Costa Rica has long been a destination for people from the developed world who have sought a new life in a moderate climate. Year round temperature are in the 70s and 60s, and when much of North America is battling snow and ice, Costa Rica offers nearly endless blue skies. Social policy has for decades been favorable to tourism. English is also widely spoken, particularity among young people in the capital of San Jose.
The majority of those who come to Costa Rica, either to retiree, study or blow off steam for a while are good people. They have worked hard in the United States, and are looking for relaxation or a lifestyle change. Topics such as yoga, natural foods and alternative medicine are popular. The Pacific coast is a magnet for surfers and party people.
Problems occur when the so expat turns out either to be a Grifter, or realizing there is little or no way to earn a living, turns to hustling the other expats. Common scams include real estate frauds and boiler operations where victims in the United States are persuaded to send money.
One such operation was the $8.3 million advance lottery scam run by the Canadian Giuseppe Pileggi. His group specialized in contacting elderly Americans in the United States and bilking them out of savings. He was convicted in 2011 and is serving 50 years in federal prison. Many of his accomplishes were also captured and convicted, but at least one man, Andreas Roman Leimer remains free because as a naturalized Costa Rican citizen he may not be obligated to leave the national territory.
Sport books operate in the margins, are not technically illegal in Costa Rica, but their owners and employees are subject to extradition if U.S. authorities bring a case against them and they are not Costa Rican citizens. The most high profile arrest of a book operator was in 2009 with David Carruthers, CEO of BETonSPORTS plc. FBI agents had handcuffs waiting for him when he arrived with a connecting flight at Dallas-Fort Worth International Airport. Hundreds of call center workers lost their jobs when this happened.
Long time expats talk bitterly of the investment scams in Costa Rica, which were popular prior to the establishment of financial oversight and banking transparency in 2002. Part ponzi scheme and money laundering operations paid high yield interest in the style of Bernie Madoff. Many victims reinvested their earnings, and very little money has ever been recovered.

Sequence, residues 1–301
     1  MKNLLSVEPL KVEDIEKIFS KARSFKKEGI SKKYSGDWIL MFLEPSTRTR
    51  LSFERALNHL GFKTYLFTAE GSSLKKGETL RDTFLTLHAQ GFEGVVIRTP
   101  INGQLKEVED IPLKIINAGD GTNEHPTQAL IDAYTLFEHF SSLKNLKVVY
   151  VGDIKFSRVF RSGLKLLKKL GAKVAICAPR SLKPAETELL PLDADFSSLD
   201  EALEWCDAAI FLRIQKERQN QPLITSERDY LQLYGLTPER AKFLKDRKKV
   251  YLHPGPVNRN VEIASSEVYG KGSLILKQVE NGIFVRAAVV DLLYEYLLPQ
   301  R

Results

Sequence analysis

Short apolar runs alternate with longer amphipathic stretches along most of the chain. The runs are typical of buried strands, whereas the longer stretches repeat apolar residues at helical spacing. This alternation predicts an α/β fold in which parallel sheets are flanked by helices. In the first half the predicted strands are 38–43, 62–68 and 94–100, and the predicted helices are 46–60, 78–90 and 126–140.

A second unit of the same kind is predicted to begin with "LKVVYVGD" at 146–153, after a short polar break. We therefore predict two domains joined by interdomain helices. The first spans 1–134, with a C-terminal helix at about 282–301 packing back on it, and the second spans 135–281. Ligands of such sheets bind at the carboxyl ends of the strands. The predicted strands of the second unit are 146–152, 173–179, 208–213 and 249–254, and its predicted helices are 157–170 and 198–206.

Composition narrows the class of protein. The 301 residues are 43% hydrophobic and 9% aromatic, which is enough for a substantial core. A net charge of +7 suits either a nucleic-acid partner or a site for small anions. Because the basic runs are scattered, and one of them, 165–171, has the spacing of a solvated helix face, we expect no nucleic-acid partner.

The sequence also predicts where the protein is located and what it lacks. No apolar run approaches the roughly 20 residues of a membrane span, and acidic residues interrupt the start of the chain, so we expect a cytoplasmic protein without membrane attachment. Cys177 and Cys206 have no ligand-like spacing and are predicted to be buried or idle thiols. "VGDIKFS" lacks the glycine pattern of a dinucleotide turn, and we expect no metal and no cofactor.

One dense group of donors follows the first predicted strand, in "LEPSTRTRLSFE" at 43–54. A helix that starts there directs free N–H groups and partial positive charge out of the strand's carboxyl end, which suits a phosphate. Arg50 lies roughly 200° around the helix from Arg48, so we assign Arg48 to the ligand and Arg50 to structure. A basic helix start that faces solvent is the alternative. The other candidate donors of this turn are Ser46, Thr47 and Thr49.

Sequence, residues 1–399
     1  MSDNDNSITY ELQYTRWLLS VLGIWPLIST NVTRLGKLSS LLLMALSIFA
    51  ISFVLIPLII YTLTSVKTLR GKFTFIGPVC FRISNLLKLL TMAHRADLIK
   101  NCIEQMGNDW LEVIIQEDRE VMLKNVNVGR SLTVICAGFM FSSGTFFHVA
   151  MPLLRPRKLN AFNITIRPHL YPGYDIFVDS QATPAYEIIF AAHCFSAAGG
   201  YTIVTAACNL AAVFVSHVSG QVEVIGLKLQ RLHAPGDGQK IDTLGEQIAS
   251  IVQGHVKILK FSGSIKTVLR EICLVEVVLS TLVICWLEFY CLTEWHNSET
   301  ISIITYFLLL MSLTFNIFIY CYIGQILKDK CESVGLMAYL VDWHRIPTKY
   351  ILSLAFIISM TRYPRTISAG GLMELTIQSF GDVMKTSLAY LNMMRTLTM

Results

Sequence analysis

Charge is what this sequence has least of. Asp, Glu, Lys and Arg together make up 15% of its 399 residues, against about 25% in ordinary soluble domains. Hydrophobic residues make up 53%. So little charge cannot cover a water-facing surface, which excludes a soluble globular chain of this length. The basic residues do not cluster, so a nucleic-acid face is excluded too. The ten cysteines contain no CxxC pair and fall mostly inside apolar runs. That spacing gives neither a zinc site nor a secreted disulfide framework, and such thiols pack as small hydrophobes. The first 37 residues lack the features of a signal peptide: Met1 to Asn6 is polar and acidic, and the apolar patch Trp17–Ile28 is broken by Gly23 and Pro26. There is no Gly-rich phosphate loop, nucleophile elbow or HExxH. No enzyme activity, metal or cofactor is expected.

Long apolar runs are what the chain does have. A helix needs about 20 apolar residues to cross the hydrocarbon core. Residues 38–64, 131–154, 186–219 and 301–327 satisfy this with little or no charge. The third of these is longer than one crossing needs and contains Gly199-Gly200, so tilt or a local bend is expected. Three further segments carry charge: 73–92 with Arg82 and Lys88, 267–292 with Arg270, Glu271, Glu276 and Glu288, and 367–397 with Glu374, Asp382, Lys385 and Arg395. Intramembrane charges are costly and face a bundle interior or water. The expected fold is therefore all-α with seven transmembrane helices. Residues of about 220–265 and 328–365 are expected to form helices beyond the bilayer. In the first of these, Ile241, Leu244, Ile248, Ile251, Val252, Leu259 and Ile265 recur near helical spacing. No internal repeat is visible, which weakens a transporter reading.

The brothers Villalobos collected perhaps as much as $800 million by 2002. Enrique Villalobos disappeared and his young brother Osvaldo Villalobos was convicted and sent to prison. A similar operation run by Cuban national, Luis Milanes under the name of Savings Unlimited bilked expat investors for $200 million. Milanes returned to Costa Rica after being a fugitive for several years and is trying to negotiate his way out of prison. Even smaller operations had names like AAA and the Vault, the later run by Roy Taylor who put a bullet in his head.
Although financial regulations tightened up post 9/11, many smaller real estate scams continued well into the millennium. These days, however the larger land deals and higher value real estate are wrapped into trusts, which are controlled by banks and attorneys. It’s a big difference from the days when expats traded cashiers checks and corporation documents in the lobbies of banks.
Costa Rica may still occasionally be a sunny place for shady people. However, aggressive enforcement of immigration rules, banking regulation and more due diligence in the real state market have changed the rules of the game. Shell corporations, which many flawed expat guides still recommend as a way of setting yourself up in Costa Rica have become increasingly expensive to operate and no longer protect the anonymity of its owners. It’s only a matter before time before this practice disappears as well.
The few scams that make the news today involve much smaller sums of money, and increasingly inane setups such as fake private detectives and conspiracy theorists. Their names, probably aren’t worth mentioning.